This page is part of the web mail archives of SRFI 44 from before July 7th, 2015. The new archives for SRFI 44 contain all messages, not just those from before July 7th, 2015.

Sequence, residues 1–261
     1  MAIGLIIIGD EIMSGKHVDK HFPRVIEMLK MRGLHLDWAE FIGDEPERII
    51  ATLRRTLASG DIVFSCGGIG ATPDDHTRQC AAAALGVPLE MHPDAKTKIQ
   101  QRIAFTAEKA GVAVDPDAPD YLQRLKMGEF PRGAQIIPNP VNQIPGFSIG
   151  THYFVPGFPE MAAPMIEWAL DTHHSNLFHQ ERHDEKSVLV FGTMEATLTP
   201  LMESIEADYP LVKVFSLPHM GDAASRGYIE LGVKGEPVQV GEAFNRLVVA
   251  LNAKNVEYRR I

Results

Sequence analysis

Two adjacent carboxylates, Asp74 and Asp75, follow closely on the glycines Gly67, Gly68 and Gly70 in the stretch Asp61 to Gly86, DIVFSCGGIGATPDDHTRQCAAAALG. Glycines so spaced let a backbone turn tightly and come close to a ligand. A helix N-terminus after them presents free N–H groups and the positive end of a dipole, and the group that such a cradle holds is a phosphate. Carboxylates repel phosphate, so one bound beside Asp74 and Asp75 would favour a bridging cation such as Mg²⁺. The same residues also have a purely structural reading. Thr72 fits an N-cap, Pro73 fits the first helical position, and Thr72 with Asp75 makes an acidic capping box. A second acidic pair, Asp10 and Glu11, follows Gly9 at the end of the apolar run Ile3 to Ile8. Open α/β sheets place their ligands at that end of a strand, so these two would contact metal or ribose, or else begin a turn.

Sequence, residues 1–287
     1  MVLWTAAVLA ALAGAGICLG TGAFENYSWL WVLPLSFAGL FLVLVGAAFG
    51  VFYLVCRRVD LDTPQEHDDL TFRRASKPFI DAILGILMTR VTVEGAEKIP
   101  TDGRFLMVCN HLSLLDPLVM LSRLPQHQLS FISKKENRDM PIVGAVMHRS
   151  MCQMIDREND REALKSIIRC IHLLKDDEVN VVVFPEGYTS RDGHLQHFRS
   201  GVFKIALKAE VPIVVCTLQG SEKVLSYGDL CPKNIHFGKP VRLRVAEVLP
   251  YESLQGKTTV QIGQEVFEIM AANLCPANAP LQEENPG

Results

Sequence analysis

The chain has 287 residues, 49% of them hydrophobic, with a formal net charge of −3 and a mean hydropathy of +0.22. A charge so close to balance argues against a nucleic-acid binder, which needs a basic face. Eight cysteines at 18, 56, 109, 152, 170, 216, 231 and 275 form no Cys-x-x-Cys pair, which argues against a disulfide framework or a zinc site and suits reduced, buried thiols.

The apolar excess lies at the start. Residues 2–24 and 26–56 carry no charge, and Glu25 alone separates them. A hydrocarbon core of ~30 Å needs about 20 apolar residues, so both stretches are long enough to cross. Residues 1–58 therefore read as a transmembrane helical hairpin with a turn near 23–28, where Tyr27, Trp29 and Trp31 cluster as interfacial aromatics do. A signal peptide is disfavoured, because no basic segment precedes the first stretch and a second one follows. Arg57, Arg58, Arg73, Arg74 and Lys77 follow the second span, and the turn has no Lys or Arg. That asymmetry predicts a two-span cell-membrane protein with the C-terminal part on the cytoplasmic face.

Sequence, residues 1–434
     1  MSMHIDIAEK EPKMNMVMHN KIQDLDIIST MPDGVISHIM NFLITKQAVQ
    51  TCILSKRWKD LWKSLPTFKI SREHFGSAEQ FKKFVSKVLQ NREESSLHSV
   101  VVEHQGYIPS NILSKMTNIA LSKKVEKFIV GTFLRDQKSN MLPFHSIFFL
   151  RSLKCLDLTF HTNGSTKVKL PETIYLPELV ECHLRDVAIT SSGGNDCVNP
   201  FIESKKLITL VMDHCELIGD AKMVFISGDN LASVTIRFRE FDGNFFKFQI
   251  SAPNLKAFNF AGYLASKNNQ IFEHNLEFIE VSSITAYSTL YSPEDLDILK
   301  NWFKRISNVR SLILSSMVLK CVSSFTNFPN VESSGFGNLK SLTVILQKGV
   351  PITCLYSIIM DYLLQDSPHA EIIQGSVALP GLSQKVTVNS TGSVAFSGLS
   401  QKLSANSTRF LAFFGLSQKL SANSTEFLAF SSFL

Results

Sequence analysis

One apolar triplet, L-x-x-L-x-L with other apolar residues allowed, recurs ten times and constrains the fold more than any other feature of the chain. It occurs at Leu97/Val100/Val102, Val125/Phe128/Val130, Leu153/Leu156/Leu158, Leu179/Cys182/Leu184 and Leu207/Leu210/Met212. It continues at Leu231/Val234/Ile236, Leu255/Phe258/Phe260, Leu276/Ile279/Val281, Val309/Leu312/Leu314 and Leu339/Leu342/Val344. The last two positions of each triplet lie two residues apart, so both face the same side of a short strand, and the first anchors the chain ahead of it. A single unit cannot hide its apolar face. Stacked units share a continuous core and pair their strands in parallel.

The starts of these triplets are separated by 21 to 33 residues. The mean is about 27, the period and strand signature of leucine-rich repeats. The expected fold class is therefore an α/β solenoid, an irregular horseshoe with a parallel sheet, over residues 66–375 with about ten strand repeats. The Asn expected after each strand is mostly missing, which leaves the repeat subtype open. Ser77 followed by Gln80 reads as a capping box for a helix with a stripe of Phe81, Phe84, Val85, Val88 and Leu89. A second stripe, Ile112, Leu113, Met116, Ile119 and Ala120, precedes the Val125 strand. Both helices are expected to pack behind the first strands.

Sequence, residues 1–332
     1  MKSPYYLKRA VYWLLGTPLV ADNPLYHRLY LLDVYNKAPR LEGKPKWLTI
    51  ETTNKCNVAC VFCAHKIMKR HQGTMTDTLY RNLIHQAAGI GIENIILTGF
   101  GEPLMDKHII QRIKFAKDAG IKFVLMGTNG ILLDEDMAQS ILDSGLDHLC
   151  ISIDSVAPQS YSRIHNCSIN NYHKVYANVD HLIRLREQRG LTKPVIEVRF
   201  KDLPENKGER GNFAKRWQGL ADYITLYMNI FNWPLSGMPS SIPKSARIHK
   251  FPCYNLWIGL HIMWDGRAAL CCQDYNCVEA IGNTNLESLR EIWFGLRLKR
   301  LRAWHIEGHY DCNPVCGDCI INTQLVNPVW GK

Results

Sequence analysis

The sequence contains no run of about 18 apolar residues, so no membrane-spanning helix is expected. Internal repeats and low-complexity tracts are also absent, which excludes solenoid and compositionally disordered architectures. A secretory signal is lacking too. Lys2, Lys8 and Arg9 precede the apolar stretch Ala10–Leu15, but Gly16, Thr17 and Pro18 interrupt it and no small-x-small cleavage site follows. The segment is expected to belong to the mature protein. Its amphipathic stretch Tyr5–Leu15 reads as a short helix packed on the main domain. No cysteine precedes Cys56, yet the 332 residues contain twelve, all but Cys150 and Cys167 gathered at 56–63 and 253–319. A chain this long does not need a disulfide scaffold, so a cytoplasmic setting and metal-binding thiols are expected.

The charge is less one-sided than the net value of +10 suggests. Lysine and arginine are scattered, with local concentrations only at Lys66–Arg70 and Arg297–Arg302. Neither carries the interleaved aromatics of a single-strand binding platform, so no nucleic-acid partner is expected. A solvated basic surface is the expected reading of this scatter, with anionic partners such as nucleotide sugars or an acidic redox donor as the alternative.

On Mon, Oct 20, 2003 at 01:57:04PM -0500, scgmille@xxxxxxxxxxxxxxxxxx wrote: >> I think the SRFI is only missing two important feature traits: >> >> reversible-collection? supports collection-reverse-fold >> finite-collection? collection-fold will halt on its own > I've added the reversible collection attribute to the SRFI and updated > at http://sgmiller.org/code/srfi-44.html. Great, thanks! > finite-collection? is arguably the same as (not (collection-size > collection)). Hey, good catch! Except that you got it backwards. Finite-collection? is usually the same as (collection-size c), except that the latter returns a useful value. > Others are permitted to do so if they cannot determine their own size > efficiently. I don't think that'll cause problems in practice. > Circular lists and simliar collections can be created using the > negative index trick hinted at by the SRFI, but I'm unsure whether > folds should proceed indefinitely over finite collections. Other > thoughts? I'm a little more worried about these. Consider a circular list with 10 nodes. What should it report as its size, 10 or #f? More specifically, which value should collection-size report: 1. The number of nodes, or 2. The number of times collection-fold will call its argument? If the latter, then finite-collection? is effectively identical to collection-size. If the former, then I still see a need for the predicate. Consider me mostly convinced. Either way, we may not *need* the finite predicate. However, I would like to see *-size clarified slightly for cases like the circular list. Specifically, the spec should clearly state one of the following: 1. Infinite collections should always report #f. 2. Infinite collections should report the "decycled" size, if possible. 3. Either #1 or #2 is OK so long as you document it. 4. It's unspecified, and users should beware. I personally prefer #1. A circular list might provide its own method for determining the cycle length (i.e., (clist-cycle-size L)), but it should report #f for clist-size. Note: I think the SRFI already requires this, but I'm not certain. Regarding ! and !!: > The !/!! distinction is to aid in the readability of code primarily > .... Imagine this following piece of code occurs in a program: > > (define (add-two collection a b) > (bag-add! collection a) > (bag-add! collection b)) > > If ! is the same as !!, this code may break in a bizarre way if the > input collection is changed at some point from a mutable to non-mutable > collection. Solution: (define (add-two collection a b) (assert mutable-collection? collection) (bag-add! collection a) (bag-add! collection b)) I think that's the right way to do it. *! and *!! are equivalent for an otherwise purely-functional program; impure programs can rely on the mutable shortcut but *only* if they check first. It simplifies the namespace and does a better job of expressing what the code really means. This isn't a deal-breaker for me, but I would like to see the change. >> 2. The bidirectional-collection? and random-access-collection? >> performance traits would be HELPFUL for generic programming. > I'd prefer that be left to another SRFI. OK. >> For unordered dictionaries, key-eqv? and val-eqv? both default to >> eqv?. Ordered dictionaries are similar, except that they can derive >> key-eqv? from less?, as long as it's a strict weak order (which >> includes < but not partial orders like <=). > I almost agree. I'd prefer the value equivalence function be the > default, as it fits with the rest of the SRFI that values, not keys, > are the default visible element of a dictionary when used ignorantly. Definitely agreed! >> ... the equivalence function is supposed to "return true if they >> should be considered equivalent for the purposes of contains?, value >> insertion, removal, and key lookup." > I prefer making *-equivalence-function return the value equivalence > function as above, but change the wording of the above sentence to > match. Works for me! Actually, I like this much better than my earlier suggestion. It's also more "orthogonal" with the fold and fold-keys procedures. > I argue [*-equivalence-function] should return the value comparator, > *-key-equivalence-function returns the key comparator ... Yes, definitely. > and specifying only one equivalence function causes both key and value > to use said function. Hm, I'll have to think on this one. At first glance, it sounds OK. Really, it should be up to the collection, with a recommendation that: 1. Ordered dictionaries derive key-eqv? from the ordering function. 2. Other dictionaries default key-eqv? to value-eqv?. -- Bradd W. Szonye http://www.szonye.com/bradd